Lawmakers Continue to Press NIH, FDA on Lab Safety

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May 19 — Lab safety issues continue to draw concern from a House panel, which raised questions about adequate funding and management in letters released May 19.

The letters to the heads of the Food and Drug Administration and the National Institutes of Health came out about a month after the House Energy and Commerce Oversight Subcommittee held a hearing on laboratory safety, during which lawmakers grilled health officials about policy gaps in federal agencies' handling of highly toxic substances (10 LSLR 09, 4/29/16).

In their letter, Energy and Commerce Chairman Fred Upton (R-Mich.) and Rep. Tim Murphy (R-Pa.), who is chairman of the panel's oversight and investigations subcommittee, acknowledged that the Department of Health and Human Services has taken the initial steps to address laboratory safety. These steps include establishing the Office of Laboratory Science and Safety at both the FDA and the Centers for Disease Control and Prevention, and the NIH's Division for Occupational Health and Safety.

“Laboratory safety and security should be one of the highest priorities for federal departments and agencies,” Upton and Murphy wrote in both letters. “Given the importance of this critical mission area, these appropriate offices at CDC, FDA and NIH should have adequate resources, a direct report to the agency head, and be operated and funded independently of other program management activities.”

NIH Letter

The letter to NIH Director Francis S. Collins said the $15 million dedicated to lab safety at the agency appears to be adequate. But they questioned why the NIH hasn't centralized its lab safety processes and procedures and said laboratory safety standards throughout the agency were neither uniform nor consistent.

“[T]he organization of NIH’s laboratory safety management function raises questions as to whether use of these resources is economical and could be made more effective,” the NIH letter said.

Upton and Murphy asked Collins to respond by June 1 to questions on NIH lab safety improvement efforts, including:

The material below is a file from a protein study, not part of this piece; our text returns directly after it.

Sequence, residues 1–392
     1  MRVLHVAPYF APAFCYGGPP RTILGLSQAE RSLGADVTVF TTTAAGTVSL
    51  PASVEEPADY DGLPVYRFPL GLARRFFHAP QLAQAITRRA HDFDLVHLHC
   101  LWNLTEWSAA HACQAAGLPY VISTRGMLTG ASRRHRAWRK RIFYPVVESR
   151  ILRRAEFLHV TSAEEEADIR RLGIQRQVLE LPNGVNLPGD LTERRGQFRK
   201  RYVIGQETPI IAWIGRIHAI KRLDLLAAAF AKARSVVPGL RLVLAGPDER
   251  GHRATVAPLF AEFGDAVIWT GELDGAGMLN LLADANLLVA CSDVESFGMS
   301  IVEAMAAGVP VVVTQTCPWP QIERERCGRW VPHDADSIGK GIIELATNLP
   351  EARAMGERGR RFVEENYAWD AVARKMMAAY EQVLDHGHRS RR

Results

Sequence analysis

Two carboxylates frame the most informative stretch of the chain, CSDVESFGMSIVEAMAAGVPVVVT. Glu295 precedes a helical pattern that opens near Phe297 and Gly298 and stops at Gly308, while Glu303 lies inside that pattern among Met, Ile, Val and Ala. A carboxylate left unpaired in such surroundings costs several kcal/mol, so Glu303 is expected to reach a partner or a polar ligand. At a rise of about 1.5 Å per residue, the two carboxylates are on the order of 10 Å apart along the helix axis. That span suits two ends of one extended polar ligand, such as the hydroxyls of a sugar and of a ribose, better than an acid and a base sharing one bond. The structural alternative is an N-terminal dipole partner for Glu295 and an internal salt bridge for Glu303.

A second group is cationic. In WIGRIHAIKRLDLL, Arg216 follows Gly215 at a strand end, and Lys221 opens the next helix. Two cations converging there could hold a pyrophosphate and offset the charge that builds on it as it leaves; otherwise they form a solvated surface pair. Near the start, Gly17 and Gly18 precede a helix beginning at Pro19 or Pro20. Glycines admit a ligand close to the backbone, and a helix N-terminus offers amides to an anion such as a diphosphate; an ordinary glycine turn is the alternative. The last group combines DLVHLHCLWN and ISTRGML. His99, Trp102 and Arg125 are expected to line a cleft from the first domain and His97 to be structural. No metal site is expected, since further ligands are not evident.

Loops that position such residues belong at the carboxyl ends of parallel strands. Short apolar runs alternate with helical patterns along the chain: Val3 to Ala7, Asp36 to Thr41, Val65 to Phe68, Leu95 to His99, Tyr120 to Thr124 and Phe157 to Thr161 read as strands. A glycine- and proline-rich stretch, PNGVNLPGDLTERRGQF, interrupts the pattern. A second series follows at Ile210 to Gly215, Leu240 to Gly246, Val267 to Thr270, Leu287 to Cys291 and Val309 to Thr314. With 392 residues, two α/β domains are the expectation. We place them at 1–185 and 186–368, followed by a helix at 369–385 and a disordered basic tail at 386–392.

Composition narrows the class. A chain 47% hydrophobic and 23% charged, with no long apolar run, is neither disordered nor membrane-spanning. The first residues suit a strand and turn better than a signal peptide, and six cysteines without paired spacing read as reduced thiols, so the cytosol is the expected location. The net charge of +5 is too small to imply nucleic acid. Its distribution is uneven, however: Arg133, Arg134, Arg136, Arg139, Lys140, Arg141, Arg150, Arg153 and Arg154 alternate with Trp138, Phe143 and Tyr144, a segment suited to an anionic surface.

•  justifications for how the agency funds and deploys personnel for its lab safety programs;
  •  whether Collins agrees with recommendations from a CDC laboratory safety working group for centralized oversight of laboratory safety and to make funding for the effort independent from the NIH's 27 institutes and centers; and
whether the NIH commits to producing written reports on its investigations of lab safety problems to the House Energy and Commerce Committee, making the lab safety director report directly to Collins, and issuing written procedures for how to store and transport highly toxic agents.


The NIH told Bloomberg in an e-mail that the agency “has received the letter and will be responding directly to the Chairmen.”

FDA Letter

The letter to FDA Commissioner Robert M. Califf focused on funding. According to the letter, the FDA has yet to formulate a budget request for the agency's laboratory safety office, nor has the agency addressed adequate staffing.

“Given the critical importance of this mission and to ensure the safety of the FDA's laboratory scientists and securing biological agents and toxins, the funding associated with these offices and associated programs should come from a direct source and not through competing sources with other agency missions or priorities,” the letter said.

Murphy and Upton asked Califf to respond to several questions by June 1, including whether he will commit to a level of funding and staffing for the FDA's laboratory safety office in fiscal year 2017. They also asked questions similar to those sent to the NIH on committing to annual reports and procedures for transporting toxic agents.

The hearings and letter relate to several lapses in biosafety at federal agencies over the past several years:

  •  In July 2014, vials of smallpox likely dating back to the 1950s were discovered in an unused storage room that was leased to the FDA on the NIH campus in Bethesda, Md. (8 LSLR 673, 7/11/14).
  •  In July 2014, the House oversight panel held a hearing following the unintentional exposure of lab workers to potentially viable anthrax and highly pathogenic H5N1 bird flu virus at the CDC (8 LSLR 730, 7/25/14).
Last year, the subcommittee grilled witnesses following the discovery that live anthrax samples were distributed by a Department of Defense facility to nearly 200 research labs (8 LSLR 730, 7/25/14).


To contact the reporter on this story: Jeannie Baumann in Washington

To contact the editor responsible for this story: Randy Kubetin

For More Information

The House Energy and Commerce letters are available at